The area now known as Argentina was relatively sparsely populated until the period of European colonization. The earliest traces of human life are dated from the Paleolithic period, and there are further traces in the Mesolithic and Neolithic. However, large areas of the interior and piedmont were apparently depopulated during an extensive dry period between 4000 and 2000 B.C.
The Uruguayan archaeologist Raúl Campá Soler divided the indigenous peoples in Argentina into three main groups: basic hunters and food gatherers, without development of pottery, advanced gatherers and hunters, and basic farmers with pottery. The second group could be found in the Pampa and south of Patagonia, and the third one included the Charrúas and Minuane people and the Guaraníes.
Some of the different groups included the Onas at Tierra del Fuego, the Yámana at the archipelago between the Beagle Channel and Cape Horn, Tehuelches in the Patagonia, many peoples at the litoral, guaycurúes and wichis at Chaco. The Guaraníes had expanded across large areas of South America, but settled at the northeastern provinces of Argentina. The Toba (Komlek) nation and the Diaguita which included the Calchaqui and the Quilmes lived in the North and the Comechingones in what is today the province of Cordoba. The Charrua (which included the Minuane people), yaros, Bohanes and Chanás (and Chaná-Timbú) were located in the actual territory of Entre Ríos and the Querandí in Buenos Aires.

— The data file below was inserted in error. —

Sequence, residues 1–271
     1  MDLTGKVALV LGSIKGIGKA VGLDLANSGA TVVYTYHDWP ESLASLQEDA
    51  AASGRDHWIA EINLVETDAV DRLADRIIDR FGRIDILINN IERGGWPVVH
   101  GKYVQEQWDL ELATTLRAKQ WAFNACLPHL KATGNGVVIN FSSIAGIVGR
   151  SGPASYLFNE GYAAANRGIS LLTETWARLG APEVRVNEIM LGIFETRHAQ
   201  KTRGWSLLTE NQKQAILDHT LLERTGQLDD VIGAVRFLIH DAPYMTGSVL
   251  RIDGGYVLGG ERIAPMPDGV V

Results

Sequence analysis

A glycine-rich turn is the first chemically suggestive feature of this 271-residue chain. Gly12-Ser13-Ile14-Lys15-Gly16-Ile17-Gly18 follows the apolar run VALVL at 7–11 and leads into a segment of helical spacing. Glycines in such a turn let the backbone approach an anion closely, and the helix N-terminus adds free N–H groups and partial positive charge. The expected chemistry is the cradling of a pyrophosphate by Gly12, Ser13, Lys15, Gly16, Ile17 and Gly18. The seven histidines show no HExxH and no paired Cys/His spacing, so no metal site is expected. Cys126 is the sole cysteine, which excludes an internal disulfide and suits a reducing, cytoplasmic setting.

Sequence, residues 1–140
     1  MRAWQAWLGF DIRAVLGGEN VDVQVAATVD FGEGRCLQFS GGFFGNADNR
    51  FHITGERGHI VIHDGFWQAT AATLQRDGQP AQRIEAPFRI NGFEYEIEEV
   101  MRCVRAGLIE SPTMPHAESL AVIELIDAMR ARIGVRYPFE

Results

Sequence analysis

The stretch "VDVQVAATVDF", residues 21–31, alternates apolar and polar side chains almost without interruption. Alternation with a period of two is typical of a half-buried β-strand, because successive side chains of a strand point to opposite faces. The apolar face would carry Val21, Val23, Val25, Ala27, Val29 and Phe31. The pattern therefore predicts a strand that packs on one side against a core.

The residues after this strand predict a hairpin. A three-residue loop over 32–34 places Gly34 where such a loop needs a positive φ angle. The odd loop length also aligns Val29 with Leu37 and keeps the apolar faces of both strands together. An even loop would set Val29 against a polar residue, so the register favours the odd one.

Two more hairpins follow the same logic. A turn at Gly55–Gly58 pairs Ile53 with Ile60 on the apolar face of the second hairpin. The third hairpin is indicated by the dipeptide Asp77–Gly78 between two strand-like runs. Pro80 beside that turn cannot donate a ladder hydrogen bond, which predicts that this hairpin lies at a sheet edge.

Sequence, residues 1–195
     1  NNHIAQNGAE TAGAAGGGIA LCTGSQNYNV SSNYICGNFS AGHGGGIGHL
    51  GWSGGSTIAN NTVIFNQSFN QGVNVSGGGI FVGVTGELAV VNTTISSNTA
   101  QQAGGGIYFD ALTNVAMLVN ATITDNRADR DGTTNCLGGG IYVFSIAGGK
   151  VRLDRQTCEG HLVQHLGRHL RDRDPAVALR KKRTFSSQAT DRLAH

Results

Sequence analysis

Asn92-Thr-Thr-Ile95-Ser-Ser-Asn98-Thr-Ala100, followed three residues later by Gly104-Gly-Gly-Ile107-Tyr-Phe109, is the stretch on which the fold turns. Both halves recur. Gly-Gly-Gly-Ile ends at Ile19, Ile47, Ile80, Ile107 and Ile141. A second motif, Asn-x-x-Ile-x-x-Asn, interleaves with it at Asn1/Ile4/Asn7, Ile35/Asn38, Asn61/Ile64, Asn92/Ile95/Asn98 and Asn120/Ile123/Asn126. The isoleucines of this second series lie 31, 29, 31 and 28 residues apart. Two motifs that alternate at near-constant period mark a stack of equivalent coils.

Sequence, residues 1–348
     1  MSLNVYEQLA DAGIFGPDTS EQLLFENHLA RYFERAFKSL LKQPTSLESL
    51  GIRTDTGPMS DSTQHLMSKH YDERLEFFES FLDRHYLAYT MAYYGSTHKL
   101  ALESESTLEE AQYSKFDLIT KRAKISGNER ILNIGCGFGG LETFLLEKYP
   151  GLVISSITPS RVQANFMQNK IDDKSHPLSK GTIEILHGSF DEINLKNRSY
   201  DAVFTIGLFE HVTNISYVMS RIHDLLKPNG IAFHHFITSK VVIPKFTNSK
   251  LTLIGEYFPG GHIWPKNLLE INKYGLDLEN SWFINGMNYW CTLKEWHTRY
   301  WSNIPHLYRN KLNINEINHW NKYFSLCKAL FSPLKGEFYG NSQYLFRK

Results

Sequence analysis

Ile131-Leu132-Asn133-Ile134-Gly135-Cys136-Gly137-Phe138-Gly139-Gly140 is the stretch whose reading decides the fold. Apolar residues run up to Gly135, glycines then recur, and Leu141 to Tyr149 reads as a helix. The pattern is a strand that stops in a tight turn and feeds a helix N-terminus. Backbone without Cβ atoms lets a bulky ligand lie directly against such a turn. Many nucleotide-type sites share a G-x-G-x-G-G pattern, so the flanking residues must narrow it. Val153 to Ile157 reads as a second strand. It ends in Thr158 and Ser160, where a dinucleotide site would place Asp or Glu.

Spanish colonial era
Europeans first arrived in the region with the 1502 voyage of Amerigo Vespucci. The Spanish navigator Juan Díaz de Solís visited the territory which is now Argentina in 1516. In 1536 Pedro de Mendoza established a small settlement at the modern location of Buenos Aires, which was abandoned in 1541.
A second one was established 1580 by Juan de Garay, and Córdoba in 1573 by Jerónimo Luis de Cabrera. Those regions were